Almost as soon as Mark got the tent up, the kids decided they wanted to sleep in it, so it soon filled up with mats, sleeping bags and pillows.  I made a point of lounging around in it, (what?!?) just cuddling my baby and watching the kids be goofy jumping on all the bedding.  That night we played Pictionary in the tent with the whole family with our white board and dry erase markers.  It was hilarious.  And fun.  I later told Mark, I think it helped to be in the tent because then I wasn't looking around, noticing who forgot to put their shoes away, or the crumbs on the rug, or the ever present formula powder mess on my counter.  Or watching the clock to see if we were past bedtime or not.  The kids "slept" in the tent and Mark and the baby and I stayed in the house.

This week has also turned out to be surprisingly fun and filled with adult worthy culture.  Fun lesson two:  It's okay to take your kids to things that YOU want to do sometimes and expect fun to happen (as long as you don't set the bar too high.)  They might enjoy themselves.  Yesterday we went to the Round Up Days art show.  It was very small, but it was new and different and got us out of the house.  The kids were excellent and all chose their favorite piece.  Afterwards, it was hot and they didn't even want to go to a playground, so we just came home. 

This morning happened to be Leslie's Summer Band concert.  I sat in the nice stadium seating with the kids and the baby in his car seat (I even snuck him some applesauce).  Leslie did great and made me so grateful that she has chosen the flute instead of a horky clarinet.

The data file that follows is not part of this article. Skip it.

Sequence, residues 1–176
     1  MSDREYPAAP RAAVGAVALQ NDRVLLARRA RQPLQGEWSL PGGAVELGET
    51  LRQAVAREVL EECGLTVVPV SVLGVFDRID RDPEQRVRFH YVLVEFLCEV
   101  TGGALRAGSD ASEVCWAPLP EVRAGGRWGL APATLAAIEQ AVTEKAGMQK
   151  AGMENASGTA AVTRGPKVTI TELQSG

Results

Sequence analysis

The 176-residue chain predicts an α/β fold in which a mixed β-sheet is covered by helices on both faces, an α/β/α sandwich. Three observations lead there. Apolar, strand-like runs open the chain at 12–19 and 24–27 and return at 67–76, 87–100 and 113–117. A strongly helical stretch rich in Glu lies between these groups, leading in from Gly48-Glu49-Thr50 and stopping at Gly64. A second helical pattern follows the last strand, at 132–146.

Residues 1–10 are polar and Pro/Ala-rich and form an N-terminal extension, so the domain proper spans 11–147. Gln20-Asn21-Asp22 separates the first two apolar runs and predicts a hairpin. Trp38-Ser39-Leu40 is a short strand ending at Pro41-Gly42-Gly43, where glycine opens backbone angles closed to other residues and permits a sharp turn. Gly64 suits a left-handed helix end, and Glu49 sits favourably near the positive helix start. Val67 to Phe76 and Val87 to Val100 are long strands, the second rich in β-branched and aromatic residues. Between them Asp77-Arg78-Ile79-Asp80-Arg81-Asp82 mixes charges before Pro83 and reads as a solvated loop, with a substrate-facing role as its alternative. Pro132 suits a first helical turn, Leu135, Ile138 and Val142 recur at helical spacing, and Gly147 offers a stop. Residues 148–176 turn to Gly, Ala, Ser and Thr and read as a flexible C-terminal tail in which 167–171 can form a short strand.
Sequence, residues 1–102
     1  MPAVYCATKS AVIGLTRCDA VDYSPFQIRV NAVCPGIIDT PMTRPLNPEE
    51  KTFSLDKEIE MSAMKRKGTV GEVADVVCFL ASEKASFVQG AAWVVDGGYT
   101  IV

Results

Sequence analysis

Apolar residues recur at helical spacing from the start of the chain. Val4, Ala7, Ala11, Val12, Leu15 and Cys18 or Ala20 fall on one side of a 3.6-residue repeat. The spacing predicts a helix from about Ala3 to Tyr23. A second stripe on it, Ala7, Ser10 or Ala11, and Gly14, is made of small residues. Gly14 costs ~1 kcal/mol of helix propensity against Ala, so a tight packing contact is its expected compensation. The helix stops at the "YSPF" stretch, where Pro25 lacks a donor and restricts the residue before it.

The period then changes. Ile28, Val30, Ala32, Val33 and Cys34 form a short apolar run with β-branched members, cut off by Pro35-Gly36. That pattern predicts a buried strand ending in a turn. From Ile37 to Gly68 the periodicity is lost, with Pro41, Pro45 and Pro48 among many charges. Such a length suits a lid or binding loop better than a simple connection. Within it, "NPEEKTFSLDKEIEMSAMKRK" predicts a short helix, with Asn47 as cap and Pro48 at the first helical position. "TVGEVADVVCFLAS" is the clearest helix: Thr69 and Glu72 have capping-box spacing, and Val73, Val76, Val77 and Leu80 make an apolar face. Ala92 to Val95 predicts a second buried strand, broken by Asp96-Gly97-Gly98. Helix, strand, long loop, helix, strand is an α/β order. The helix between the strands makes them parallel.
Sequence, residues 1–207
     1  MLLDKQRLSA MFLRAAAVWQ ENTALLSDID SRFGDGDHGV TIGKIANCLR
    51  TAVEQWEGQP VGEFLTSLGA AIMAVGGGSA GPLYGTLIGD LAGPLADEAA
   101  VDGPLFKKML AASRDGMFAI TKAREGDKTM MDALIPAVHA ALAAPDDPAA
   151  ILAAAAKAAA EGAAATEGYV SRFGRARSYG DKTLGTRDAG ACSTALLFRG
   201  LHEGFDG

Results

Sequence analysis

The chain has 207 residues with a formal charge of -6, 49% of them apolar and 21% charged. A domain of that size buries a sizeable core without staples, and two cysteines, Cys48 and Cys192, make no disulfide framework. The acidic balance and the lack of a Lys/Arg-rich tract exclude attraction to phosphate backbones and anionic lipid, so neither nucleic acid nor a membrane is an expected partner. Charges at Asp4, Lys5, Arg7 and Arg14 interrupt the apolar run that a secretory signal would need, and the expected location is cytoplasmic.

The kids loved the concert and applauded enthusiastically.  The boys were particularly excited to hear the Mission Impossible theme song by the low brass and the Batman theme song.  Then, we had a surprise treat and the Lehi High School Marching band came in and did a few numbers, drum rolls and all.  I love marching bands.  The intensity of it all always makes me tear up a little...don't know why...the drums maybe?  The power of the surround sound?  I don't know.  At least there weren't bagpipes, then I really would have been a mess.  Maybe it's genetic.  My Auntie Michiel cries when she takes off in an airplane...I suspect it's a similar thing.  I soaked it up and kept my emotions in check, although Cooper (who has a serious radar on me) gave me some searching looks.  Then I noticed that the kids were cracking each other up by pretending to be startled out of their seats every time the cymbals crashed.  What a riot.

When we got home and the boys were still trying to copy the Mission Impossible theme song (incorrectly since they hadn't really heard it before) I had a fun idea.  At our house, we love to listen to Pandora radio, loud and proud.  I've got a toddler station for Macy when she's emptying silverware, Leslie likes Taylor Swift, the boys love One Direction and used it this week outside while weeding, Mark likes Michael Buble when we have company, and I've even channeled my Grandma LaVonne and have recently started listening to opera--and liking it--especially when I'm cooking Italian things.  In fact, I turn it on purposely when I'm making Italian because it's just so much more fun to fling cheese on your pizza when Luciano's singing "La Donna Mobile".  Today I made a Mission Impossible station.  It was awesome and I would recommend it to all parents of rowdy boys.  It mostly played soundtracks from spy and adventure movies.  The boys were in their costumes running all over the house to the tune of Pirates of the Caribbean, Star Wars, and The Incredibles.  Imagination vibes were probably glowing out of the cracks of our house.